Ezra Klein writes,

The inclusion of a strong public insurance option has become, for most observers I know, the single most recognizable marker for victory. If the public plan exists, liberals have won. If it’s eliminated, or neutered, then conservatives have triumphed.

Of course, as an economic issue, this is totally irrelevant. The economic issue is that some people need subsidies to get health insurance. especially to get the sort of insulation that we call health insurance. Some people need subsidies because they are poor. Others need subsidies because they are obviously high risk. You can give subsidies in the form of vouchers. You could subsidize poor people with vouchers based on income. You could subsidize high-risk people with vouchers for pre-existing conditions. A public plan is one vehicle for providing a subsidy, but it is by no means the only vehicle.

The purpose of the public health insurance plan is political. The idea is to drive away Republican support by threatening the private health insurance industry. As I explain in the beginning of my Cato talk (short video excerpt, whole thing), the real issue is health care costs, driven by over-use of services with high costs and low benefits.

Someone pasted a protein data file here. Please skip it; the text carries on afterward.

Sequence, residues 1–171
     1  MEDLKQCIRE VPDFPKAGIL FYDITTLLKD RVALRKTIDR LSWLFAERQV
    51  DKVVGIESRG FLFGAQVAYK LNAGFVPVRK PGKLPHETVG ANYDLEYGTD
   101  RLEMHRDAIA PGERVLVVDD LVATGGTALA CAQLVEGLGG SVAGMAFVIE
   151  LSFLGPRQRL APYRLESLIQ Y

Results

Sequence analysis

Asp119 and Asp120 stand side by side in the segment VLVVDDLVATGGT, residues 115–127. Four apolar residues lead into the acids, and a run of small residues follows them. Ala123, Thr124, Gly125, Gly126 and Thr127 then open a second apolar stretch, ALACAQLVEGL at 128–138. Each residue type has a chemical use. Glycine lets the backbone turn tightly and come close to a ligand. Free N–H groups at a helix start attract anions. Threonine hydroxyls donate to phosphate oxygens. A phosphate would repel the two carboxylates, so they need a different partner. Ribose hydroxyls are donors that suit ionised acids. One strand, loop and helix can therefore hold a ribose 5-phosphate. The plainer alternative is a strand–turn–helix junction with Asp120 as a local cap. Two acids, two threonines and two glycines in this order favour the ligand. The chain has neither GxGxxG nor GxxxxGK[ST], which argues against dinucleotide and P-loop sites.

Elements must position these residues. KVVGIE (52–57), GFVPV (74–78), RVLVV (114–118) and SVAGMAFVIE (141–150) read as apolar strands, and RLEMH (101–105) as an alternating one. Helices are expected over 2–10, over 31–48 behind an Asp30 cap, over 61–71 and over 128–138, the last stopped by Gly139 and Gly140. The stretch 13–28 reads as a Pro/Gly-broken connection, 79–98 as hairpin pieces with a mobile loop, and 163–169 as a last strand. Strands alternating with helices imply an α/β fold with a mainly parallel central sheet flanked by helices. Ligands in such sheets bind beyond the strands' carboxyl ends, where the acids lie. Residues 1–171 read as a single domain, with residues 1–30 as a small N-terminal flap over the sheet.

Getting people to reduce their use of medical services is the spinach of health care reform. Expanding insurance coverage is the dessert. The Democrats want to enact dessert now, and worry about spinach later. For the dessert part, they want no Republicans involved. Down the road, when they are ready to tackle the spinach part, they will press for bipartisan cooperation and statesmanship from Republicans.

My suggestion in the talk is that the Republicans not fall on their swords to defend private health insurance. Yes, many people like their insurance. But many of us hate the claims process. In our household, the phrase “going postal” has been replaced by “going health insurance.” My guess is that sticking up for private health insurance is a political loser. Moreover, real health care reform would require radical innovation in health insurance, so it is counterproductive to try to entrench for the existing system.

If I were a Republican, I would support a public health insurance plan that provides real health insurance. That is, it would have low premiums, but extremely high deductibles and co-payments–beyond anything we see today. People on the plan would, on average, pay more than 50 percent of their health expenses out of pocket. Only people at the very high end of expenses would get insurance payments. Even their co-oayments would not drop to zero.

There are various reasons why such plans do not exist today. Many of these reasons are regulatory. I am not sure how such a plan would fare in a free market. But that is the kind of public plan I could get behind.